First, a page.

Continuity Counts Whatever Your Frequency

The Queen of Continuity has slipped up. That’s me. No matter where or when you hear me talk about blogging, I haveiMetronomeXSmall one mantra – continuity. Great blogs (even not-so-great ones) require commitment through continuity.  Readers are insatiable and require a blog post as if it were the daily horoscope.  And now, my confession – recently I haven’t practiced what I preach.

I’ve never had the fortitude to post daily.  From the onset, I managed expectations and let  readers know they wouldn’thear from me daily. But, I did promise weekly posts. I feel it’s the minimum requirement for a blog and, for my topics and readers, it’s an acceptable frequency. I’m not, after all, covering the political scene. But recently I didn’t meet even that commitment.  Part of the problem is that I manage three blogs plus an increasing amount of social media posts for clients. Yeah. Yeah.  Excuses don’t cut it. Readers don’t care.

A blog that isn’t consistent isn’t really a blog, just as diary with only two entries is not really a diary– only an attempt at one. And, a newspaper that isn’t delivered weekly or daily—depending on its frequency promise—isn’t really a newspaper.

I got a call from a reader when I missed last week’s personal post at The Parent Rap. The fact that a reader missed the post helped spur me back into action this week. The truth is that with three concurrent blogs, I was considering dropping my original blog, even though it is the closest one to my heart and the one responsible for turning me into a “blogger”.

I also took a break from the The Blogger’s Bulletin when Chris Franklin, our shephard/conscience/editor, gave contributors permission to enjoy the holidays and slack off a bit. It was permission I should not have taken. Just as a marathon runner doesn’t stop training and running during the holidays, neither should a blogger. If there’s a break in the rhythm, it can be fatal. In this way, blogs are no different than newspapers. In the print world, a press break means the web paper on the press tore or broke. It literally stops the presses and wreaks havoc on the press schedule. The result is always late papers on driveways, angry customer calls to the customer service line, and lost readers.

Most bloggers don’t have  thousands of readers. And in today’s world, even newspapers don’t have the luxury of being able to lose one more reader.  The moral remains the same – consistency counts.  There is no room for excuses. If snail mail can promise delivery in rain, or snow or sunshine – so can a blogger, who generally is able to deliver content while remaining warm and snug inside away from treacherous elements.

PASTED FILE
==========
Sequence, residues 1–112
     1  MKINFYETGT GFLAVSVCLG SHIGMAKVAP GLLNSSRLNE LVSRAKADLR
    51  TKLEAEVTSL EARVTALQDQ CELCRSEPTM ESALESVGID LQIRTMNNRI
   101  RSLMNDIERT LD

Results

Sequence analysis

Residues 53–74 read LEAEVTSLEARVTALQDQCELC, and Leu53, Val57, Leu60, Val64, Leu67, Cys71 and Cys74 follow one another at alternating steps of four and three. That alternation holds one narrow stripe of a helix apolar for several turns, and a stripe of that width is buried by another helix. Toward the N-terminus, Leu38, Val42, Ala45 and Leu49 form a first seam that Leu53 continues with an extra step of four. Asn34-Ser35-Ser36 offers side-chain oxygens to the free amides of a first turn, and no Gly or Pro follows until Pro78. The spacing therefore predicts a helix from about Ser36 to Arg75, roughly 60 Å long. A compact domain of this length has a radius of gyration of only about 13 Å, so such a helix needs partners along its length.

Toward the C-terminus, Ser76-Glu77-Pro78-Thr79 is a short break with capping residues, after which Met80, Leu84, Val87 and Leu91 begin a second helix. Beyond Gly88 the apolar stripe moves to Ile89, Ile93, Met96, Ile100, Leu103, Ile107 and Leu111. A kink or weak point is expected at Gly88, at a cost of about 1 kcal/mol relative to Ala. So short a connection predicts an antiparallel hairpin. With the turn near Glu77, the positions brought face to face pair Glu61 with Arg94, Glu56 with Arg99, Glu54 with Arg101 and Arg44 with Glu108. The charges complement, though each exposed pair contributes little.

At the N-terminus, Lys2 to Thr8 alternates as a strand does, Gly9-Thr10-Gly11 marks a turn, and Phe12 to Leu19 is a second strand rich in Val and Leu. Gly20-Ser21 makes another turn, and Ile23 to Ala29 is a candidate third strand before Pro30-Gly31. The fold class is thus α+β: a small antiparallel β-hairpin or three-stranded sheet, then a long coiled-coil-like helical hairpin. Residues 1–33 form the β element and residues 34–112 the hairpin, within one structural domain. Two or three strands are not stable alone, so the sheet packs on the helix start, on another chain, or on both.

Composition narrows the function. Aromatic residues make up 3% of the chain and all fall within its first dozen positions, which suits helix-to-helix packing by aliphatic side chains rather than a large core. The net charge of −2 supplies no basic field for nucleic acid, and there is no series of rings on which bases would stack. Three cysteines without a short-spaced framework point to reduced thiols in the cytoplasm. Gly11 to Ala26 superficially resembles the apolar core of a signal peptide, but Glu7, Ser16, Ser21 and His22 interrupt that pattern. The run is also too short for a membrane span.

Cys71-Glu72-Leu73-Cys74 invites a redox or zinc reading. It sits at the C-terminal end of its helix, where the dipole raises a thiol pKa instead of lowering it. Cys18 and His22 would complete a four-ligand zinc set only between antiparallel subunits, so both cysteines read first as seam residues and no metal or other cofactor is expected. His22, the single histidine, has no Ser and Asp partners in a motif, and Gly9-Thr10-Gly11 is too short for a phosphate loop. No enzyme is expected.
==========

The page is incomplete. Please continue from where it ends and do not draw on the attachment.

Rhona Bronson

Rhona Bronson started down the social media path in 2006 with her blog and there’s been no turning back. “It opens you up to the world of possibilities,” she notes. She has helped dozens of executives enter into the social media world as part of their marketing growth plans. Her background spans both the B:B and B:C world with experience in publishing, printing, consulting, association, small business and corporate marketing and communications. She came to marketing from the communications side, starting with training in journalism from Syracuse University. With experience in all marketing genres — from Twitter to Transit Advertising — she brings a broad toolkit of skills to any marketing project. Her ability to integrate clear writing with creativity has made her a sought-after expert in developing results-oriented marketing programs for today’s challenging times. Today, she leads the Plaza Consulting Group as its Marketing Strategist specializing in integrating social media into business marketing plans. 


  1 comment for “Continuity Counts Whatever Your Frequency

  1. December 6, 2009 at 5:31 pm

    That’s a good point you’re making, Rhona. Sorry if I was a bad influence on you. I’ll look at expressly defining on the BB front-page what readers should expect from BB in terms of post frequency; right now we don’t have anything describing that.

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